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|Case Number:||Election Petition 4 of 2008|
|Parties:||MOSE NYAMBEGA V WALTER ENOCK NYAMBATI OSEBE, LAWRENCE OLE SEMPELE & ELECTORAL COMMISSION OF KENYA|
|Date Delivered:||17 Nov 2008|
|Court:||High Court at Kisii|
|Judge(s):||Mohammed Khadhar Ibrahim|
|Citation:||MOSE NYAMBEGA V WALTER ENOCK NYAMBATI OSEBE & 2 OTHERS  eKLR|
|Court Division:||Constitutional and Human Rights|
|Disclaimer:||The information contained in the above segment is not part of the judicial opinion delivered by the Court. The metadata has been prepared by Kenya Law as a guide in understanding the subject of the judicial opinion. Kenya Law makes no warranties as to the comprehensiveness or accuracy of the information|
REPUBLIC OF KENYA
IN THE HIGH COURT OF KENYA
ELECTION PETITION 4 OF 2008
THE NATIONAL ASSEMBLY AND PRESIDENTIAL ELECTIONS ACT, CAP 7 OF THE LAWS OF KENYA
CTION FOR KITUTU MASABA CONSTITUENCY
THE PETITION OF MOSE NYAMBEGA
MOSE NYAMBEGA ………..…................………………..….. PETITIONER
WALTER ENOCK NYAMBATI OSEBE …..…...........… 1ST RESPONDENT
LAWRENCE OLE SEMPELE ……………..……......... 2ND RESPONDENT
THE ELECTORAL COMMISSION OF KENYA..………3RD RESPONDENT
R U L I N G
This is an application by the 2nd Respondent under the provisions of Section 20 1 (a) (IV) of the National Assembly and Presidential Elections Act Chapter 7 of the Laws of Kenya.
The 2nd Petitioner, Lawrence T. Sempele was the Returning Officer for the Parliamentary Elections for the National Assembly seat for the Kitutu Masaba Constituency held on the 27th day of December, 2007 under the National Assembly and Presidential Elections Act. He was appointed by the 3rd Respondent, the Electoral Commission of Kenya as its official and was joined in this Petition by reason of his alleged conduct and the other officials complained of in the said election.
The Second Petitioner in this application seeks the following orders:-
1. That the Petition filed herein be struck out with costs for want of service.
2. That the costs of this application be provided.
The 2nd Petitioner raises two substantive grounds in support of the application. These are:-
1. That the Petition was never served upon the 2nd Respondent.
2. That the Petitioner has failed to comply with the law regarding service.
The application is supported by an affidavit sworn by the said Returning Officer and Second Petitioner on 5th September, 2008. He depones, inter alia, that:-
- On the 2.09.2008 he received a call from Mr. F. N. Orora Advocate Esq. Counsel on record for the 2nd and 3rd Respondents requesting him to go to his Chambers to give him instructions on how the election of Kitutu Masaba Constituency were conducted.
- That he asked the Counsel why he wanted the details and to his surprise the Counsel informed him that there was a pending Petition in respect of Kitutu Masaba Constituency, wherein he was the 2nd Respondent.
- That he had never been served with any Petition papers or at all.
- That the Petition herein was filed in Nairobi High Court Registry on 22.01.08 and given Election Petition No. 17 of 2008 which is now Kisii High Court Election Petition Number 4 of 2008.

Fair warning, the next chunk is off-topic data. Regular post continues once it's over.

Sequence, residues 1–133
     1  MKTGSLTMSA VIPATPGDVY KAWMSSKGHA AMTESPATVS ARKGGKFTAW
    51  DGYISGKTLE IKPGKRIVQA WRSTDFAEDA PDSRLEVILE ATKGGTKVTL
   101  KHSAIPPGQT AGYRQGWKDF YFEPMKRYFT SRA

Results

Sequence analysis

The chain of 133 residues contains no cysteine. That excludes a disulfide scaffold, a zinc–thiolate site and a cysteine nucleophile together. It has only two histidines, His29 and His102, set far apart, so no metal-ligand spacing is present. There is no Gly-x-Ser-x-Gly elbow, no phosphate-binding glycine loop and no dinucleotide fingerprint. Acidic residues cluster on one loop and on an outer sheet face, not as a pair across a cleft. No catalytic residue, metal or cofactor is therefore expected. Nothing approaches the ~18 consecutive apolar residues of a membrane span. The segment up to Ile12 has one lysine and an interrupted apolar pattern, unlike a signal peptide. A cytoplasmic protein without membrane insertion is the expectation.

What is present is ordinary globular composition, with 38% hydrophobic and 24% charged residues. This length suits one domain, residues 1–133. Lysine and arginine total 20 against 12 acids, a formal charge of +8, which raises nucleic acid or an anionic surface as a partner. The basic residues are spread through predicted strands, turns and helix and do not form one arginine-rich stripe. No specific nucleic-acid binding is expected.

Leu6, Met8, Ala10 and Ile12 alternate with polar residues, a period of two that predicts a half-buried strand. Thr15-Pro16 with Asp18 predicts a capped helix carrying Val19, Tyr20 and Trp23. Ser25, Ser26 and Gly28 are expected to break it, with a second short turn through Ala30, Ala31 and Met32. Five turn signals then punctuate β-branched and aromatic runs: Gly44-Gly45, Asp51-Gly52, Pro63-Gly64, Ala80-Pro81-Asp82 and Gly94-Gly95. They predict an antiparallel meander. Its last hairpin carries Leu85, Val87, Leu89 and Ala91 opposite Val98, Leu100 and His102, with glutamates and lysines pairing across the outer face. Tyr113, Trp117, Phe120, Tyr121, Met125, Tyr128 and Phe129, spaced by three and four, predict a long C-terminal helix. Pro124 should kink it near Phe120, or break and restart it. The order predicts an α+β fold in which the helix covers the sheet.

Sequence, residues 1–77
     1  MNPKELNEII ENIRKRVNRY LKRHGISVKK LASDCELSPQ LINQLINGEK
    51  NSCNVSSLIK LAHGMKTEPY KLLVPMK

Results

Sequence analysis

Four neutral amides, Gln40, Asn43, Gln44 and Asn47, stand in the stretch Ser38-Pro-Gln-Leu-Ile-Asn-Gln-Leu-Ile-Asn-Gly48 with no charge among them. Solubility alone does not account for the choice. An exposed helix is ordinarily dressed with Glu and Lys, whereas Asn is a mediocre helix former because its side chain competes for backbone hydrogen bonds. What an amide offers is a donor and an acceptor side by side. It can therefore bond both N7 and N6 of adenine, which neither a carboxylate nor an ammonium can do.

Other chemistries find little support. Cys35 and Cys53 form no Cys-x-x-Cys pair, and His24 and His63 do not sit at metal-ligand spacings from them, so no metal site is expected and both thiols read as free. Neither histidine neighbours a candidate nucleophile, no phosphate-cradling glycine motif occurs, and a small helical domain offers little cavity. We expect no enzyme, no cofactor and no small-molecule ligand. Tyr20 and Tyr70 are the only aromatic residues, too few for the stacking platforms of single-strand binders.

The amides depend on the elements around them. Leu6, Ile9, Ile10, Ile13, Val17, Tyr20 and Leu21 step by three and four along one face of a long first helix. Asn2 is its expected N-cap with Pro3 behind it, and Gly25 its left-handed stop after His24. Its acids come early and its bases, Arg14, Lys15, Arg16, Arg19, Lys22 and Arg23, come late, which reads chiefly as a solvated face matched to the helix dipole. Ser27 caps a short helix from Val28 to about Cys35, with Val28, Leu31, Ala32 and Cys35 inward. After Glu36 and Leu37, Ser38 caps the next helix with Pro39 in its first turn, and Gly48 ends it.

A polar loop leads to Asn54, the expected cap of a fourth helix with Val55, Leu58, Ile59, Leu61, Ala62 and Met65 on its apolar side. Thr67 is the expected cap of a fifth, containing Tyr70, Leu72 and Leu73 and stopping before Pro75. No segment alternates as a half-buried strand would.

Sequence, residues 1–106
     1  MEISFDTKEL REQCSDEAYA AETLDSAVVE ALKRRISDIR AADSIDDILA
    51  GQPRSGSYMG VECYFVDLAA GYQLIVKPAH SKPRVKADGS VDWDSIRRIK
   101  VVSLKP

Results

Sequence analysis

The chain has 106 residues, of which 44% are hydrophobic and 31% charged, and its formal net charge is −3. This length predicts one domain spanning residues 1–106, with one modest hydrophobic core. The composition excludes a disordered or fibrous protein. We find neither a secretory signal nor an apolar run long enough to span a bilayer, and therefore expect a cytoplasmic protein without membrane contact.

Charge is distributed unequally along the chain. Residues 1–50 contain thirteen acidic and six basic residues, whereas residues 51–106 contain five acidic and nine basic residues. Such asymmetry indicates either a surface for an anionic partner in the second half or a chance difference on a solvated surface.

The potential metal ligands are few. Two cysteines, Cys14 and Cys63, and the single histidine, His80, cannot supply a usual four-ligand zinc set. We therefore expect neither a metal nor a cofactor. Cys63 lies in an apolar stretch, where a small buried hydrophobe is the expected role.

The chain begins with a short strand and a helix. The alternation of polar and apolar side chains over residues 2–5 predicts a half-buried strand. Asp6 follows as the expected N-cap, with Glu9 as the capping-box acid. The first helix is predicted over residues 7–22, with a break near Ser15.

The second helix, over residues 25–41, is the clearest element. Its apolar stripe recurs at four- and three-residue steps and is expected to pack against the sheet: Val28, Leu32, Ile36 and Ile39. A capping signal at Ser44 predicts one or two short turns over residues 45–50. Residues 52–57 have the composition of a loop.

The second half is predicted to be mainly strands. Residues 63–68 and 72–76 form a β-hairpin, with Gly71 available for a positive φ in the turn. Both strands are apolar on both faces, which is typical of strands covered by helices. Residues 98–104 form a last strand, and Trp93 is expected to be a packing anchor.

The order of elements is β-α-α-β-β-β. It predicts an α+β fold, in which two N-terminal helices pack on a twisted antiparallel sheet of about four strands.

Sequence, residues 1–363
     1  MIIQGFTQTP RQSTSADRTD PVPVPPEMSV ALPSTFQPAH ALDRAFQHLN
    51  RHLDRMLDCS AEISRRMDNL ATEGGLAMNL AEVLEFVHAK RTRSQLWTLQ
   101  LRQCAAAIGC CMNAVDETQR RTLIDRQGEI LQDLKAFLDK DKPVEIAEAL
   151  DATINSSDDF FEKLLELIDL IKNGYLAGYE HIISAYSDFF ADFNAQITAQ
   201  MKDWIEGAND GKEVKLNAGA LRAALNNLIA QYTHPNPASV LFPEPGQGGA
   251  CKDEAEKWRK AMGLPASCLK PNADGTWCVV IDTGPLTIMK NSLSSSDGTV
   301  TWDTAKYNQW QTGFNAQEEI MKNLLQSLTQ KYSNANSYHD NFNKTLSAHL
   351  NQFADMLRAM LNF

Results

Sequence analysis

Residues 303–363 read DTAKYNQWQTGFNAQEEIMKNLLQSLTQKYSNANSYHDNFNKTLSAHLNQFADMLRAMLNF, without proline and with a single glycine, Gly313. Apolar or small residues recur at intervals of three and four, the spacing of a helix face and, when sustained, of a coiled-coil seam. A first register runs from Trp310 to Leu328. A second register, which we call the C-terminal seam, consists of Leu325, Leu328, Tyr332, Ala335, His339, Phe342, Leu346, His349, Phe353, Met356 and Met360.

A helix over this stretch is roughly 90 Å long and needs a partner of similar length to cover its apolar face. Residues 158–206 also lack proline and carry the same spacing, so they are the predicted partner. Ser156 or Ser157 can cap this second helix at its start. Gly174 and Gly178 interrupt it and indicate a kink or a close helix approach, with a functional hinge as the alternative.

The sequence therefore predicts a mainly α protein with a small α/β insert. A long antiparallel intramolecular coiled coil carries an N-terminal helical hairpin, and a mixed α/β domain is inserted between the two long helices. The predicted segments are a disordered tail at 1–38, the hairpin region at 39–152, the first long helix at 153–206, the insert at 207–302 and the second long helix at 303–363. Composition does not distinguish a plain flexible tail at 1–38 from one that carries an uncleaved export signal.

- That he strongly believes that as a Second Petitioner, the Petitioner should have personally served him with the Petition documents.
- That he is informed by his advocates on record that:-
(a) The 1st Respondent filed an application dated 07.02.2008 and a ruling made on 11.07.2008.
(b) That thereafter, the High Court started its Vacation.
(c) That the Petition is set to be heard on 16th, 17th, 18th and 19th September, 2008.
- That the Petition herein should not be allowed to proceed for the lack of proper personal service upon him.
- That the Petition should not be allowed to proceed for lack of personal service.
The application was supported by the 1st Respondent, the successful candidate and the 3rd Respondent the Electoral Commission of Kenya.
The Petition opposed the application and filed two affidavits. The first one was sworn by Mose Nyambega the Petitioner while the second one was sworn by one of the Petitioner’s advocates, Geoffrey Ondieki Ayuka, both on 9th September, 2008.
The Petitioner in his affidavit inter alia, stated, that:
25. That in any event, I as the Petitioner herein served this particular Petition on the Respondents who include the Applicant herein on the 27th day of January, 2008 in terms of the provisions of Section 20 of Cap. 7 Laws of Kenya personal service having failed.
26. That I the Petitioner herein made effort to trace and serve the Applicant personally to no avail prompting me to serve by way of substituted means of advertisement in the Newspaper issue of 27th January, 2008 (Standard and Taifa Leo).
27. That on the 22nd day of January, 2008 I did not know the instant Applicant’s residence. That I knew that he hails from Narok District although I did not know the particular Village he hails from.
28. That I therefore put in place a mechanism of tracing him at Nyamira ECK office where he could not be found as he had travelled to his rural home in Narok.
29. That on serving ECK on 23rd January, 2008, I learnt from the ECK officer who received our documents that the Applicant hails from Narok District and other particulars on how to trace him were not available. The said officer stamped to acknowledge receipt arguing that ECK and Lawrence Sempele shall be travelling jointly in terms of representation in this Petition and other particulars were not available.
The application was prosecuted by Mr. Orora who represents the 2nd and 3rd Respondents. The 1st Respondent who supported the application was represented by Mr. Maosa. The Petitioner was represented by Mr. Ongoya and Mr. Murugu.
Section 20 (1) of the Act provides for the requirement and procedure for presentation and service of the Election Petition.
Section 20 (1) provides as follows:-
“20 (1) A Petition
(a) to question the validity of an election, shall be presented and served within twenty eight days after the date of publication of the result of the election in the Gazette.
(iv) Where after due diligence it is not possible to effect service under paragraph (a) and (b); the presentation may be effected by its publication in the Gazette and in one English and one Kiswahili local daily newspaper with the highest National circulation in each case.”